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1 Corinthians 1:26–29

“God chose what is low and despised in the world, even things that are not, to bring to nothing things that are, so that no human being might boast in the presence of God” (vv. 28–29).

From the earliest days of the Christian church, God’s people have been tempted to do the Lord’s work in a worldly manner. We see this in 1 Corinthians 1:10–17, where we learn that various factions in the first-century Corinthian church attempted to gain power and authority in the church by appealing to their personal connections to Apostles and other noteworthy Christians. That is how the world operates, basing significance and authority on knowing the right people and exalting some figures over others. Such activity operates contrary to the cross, which shows us that the power of salvation comes not through our own connections or use of the world’s wisdom but through the apparent weakness of the cross. Since Christ’s authority came not by appealing to personal connections or by force but only through His obedient death on the cross, Christians can by no means seek authority in the church through any other means but humble service (vv. 18–25; Phil. 2:5–11).

Today’s passage continues the argument that God does not act according to worldly methods by appealing to the kind of people the Lord had saved in Corinth. Paul notes that “not many” of these believers were wise, powerful, or noble by worldly standards. In fact, God saved such people to render null and void the wisdom and strength of the world (1 Cor. 1:26–27). The point is not that the wisdom, knowledge, rankings, wealth, and power celebrated in the world are inherently wrong and cut one off from the possibility of salvation. Paul’s use of the phrase “not many” indicates that some of the Corinthian Christians, though not the majority, possessed qualities esteemed by the world. His point is that these things are irrelevant when it comes to salvation and that so often God chooses what the world does not esteem in order to advance His plan and show that salvation is of Him alone. This has been true from the beginning. For example, against all worldly, cultural expectations, God chose to continue the patriarchal line through Jacob, not his older brother Esau (Gen. 25:23; Rom. 9:10–13).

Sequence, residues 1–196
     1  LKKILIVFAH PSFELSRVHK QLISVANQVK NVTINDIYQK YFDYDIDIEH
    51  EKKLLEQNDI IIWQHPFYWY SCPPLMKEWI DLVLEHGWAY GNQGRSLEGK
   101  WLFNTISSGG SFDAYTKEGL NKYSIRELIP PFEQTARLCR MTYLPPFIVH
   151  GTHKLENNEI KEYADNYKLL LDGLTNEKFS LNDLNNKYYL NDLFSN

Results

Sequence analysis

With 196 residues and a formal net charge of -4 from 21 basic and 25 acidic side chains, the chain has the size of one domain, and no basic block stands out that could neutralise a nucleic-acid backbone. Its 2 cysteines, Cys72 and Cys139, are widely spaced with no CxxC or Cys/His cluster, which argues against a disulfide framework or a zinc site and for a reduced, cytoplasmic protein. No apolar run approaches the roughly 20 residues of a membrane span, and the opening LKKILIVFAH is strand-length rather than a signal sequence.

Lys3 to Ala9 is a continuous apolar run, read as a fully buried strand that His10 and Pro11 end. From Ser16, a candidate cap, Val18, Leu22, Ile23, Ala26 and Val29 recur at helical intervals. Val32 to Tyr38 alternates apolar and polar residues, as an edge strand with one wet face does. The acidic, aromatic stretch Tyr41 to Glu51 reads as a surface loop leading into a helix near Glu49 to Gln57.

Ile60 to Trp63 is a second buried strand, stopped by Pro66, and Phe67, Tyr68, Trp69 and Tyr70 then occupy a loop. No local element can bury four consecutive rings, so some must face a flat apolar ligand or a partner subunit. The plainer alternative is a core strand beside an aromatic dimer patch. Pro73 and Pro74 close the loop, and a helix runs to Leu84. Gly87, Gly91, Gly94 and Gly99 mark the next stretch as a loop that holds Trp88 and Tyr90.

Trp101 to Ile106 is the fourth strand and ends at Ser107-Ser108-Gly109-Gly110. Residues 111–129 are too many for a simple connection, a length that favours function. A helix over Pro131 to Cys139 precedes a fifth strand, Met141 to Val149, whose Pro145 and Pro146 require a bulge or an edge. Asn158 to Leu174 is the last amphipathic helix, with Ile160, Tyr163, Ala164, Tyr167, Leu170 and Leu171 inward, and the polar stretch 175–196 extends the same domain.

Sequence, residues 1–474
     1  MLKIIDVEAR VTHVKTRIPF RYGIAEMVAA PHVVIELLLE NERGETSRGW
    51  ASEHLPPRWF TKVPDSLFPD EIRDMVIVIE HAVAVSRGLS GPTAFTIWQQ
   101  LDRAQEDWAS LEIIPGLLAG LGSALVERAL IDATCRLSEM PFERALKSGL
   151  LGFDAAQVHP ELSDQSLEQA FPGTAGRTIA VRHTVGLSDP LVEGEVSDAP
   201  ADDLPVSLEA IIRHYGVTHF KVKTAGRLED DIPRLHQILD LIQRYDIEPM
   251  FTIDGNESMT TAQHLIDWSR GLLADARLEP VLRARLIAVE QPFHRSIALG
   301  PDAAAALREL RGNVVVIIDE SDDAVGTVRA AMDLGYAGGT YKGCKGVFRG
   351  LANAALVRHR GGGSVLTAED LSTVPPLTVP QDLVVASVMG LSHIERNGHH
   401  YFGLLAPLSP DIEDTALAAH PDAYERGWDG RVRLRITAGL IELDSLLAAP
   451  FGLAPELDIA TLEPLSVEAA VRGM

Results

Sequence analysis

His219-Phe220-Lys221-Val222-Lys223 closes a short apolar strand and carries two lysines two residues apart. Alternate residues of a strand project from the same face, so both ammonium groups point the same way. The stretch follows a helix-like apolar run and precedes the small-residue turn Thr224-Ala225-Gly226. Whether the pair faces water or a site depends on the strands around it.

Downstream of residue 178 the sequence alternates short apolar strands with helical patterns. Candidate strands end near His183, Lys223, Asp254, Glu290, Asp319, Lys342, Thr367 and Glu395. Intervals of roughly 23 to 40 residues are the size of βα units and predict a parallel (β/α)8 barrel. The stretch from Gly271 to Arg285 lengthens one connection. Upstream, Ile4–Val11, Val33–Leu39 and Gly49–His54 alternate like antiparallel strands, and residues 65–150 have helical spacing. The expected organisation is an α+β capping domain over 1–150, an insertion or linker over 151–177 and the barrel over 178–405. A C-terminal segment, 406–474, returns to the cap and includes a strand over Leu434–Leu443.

The Lord works through the lowly so that no one can boast except in His power alone (1 Cor. 1:28–29). For Christians to use their associations with noted and talented church leaders to advance themselves in the church makes us unable to boast in the Lord alone. It takes our eyes off Him and puts them squarely on others, leading us to boast in our connections to them and not in God.

Coram Deo Living before the face of God

God uses the powerless and others whom the world does not expect in order to demonstrate His sovereign power and grace. We should not expect the world to esteem us. So many problems in the church could be avoided if we didn’t care so much what the ungodly world thinks. Let us seek not the world's approval but the Lord’s approval.


For Further Study
  • Judges 7
  • 1 Samuel 16:1–13
  • John 6:41–42
  • Galatians 1:10

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From the January 2021 Issue
Jan 2021 Issue